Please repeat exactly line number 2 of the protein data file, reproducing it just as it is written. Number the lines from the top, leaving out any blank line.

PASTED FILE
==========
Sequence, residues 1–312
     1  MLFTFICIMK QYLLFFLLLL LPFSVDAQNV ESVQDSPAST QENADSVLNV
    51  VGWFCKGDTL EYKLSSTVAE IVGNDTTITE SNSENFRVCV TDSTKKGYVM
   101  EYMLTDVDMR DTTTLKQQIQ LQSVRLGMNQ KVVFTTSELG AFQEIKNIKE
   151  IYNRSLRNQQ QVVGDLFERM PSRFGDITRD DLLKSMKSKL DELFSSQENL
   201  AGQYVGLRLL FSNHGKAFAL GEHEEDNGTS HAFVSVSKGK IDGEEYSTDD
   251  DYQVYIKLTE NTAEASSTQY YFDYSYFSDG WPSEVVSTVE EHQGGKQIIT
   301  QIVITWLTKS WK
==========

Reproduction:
     1  MLFTFICIMK QYLLFFLLLL LPFSVDAQNV ESVQDSPAST QENADSVLNV